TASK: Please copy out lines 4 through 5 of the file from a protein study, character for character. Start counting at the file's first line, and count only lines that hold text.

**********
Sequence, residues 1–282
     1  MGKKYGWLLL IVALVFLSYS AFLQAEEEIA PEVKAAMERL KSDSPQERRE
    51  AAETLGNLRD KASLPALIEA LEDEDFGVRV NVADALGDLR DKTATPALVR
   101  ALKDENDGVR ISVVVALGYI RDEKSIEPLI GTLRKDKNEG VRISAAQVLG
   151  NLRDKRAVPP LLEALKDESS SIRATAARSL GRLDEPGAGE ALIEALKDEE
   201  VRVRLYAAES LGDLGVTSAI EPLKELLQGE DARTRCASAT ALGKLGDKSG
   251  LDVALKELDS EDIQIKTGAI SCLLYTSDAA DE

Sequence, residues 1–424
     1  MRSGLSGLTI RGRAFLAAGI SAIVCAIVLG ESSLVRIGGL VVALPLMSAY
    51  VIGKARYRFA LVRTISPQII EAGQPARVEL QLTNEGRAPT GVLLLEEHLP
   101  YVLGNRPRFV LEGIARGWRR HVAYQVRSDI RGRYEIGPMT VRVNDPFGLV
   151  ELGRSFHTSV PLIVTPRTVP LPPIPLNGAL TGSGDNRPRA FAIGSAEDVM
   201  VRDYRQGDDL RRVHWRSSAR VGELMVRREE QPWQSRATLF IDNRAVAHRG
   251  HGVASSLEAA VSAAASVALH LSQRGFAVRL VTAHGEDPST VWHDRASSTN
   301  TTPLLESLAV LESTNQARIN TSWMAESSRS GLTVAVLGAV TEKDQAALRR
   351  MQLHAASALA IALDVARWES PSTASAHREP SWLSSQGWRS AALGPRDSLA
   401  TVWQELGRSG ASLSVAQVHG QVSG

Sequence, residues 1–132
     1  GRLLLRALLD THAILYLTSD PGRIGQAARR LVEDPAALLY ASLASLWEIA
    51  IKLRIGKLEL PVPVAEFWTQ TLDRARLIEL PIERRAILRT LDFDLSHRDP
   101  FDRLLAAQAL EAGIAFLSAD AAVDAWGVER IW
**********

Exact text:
   101  ALKDENDGVR ISVVVALGYI RDEKSIEPLI GTLRKDKNEG VRISAAQVLG
   151  NLRDKRAVPP LLEALKDESS SIRATAARSL GRLDEPGAGE ALIEALKDEE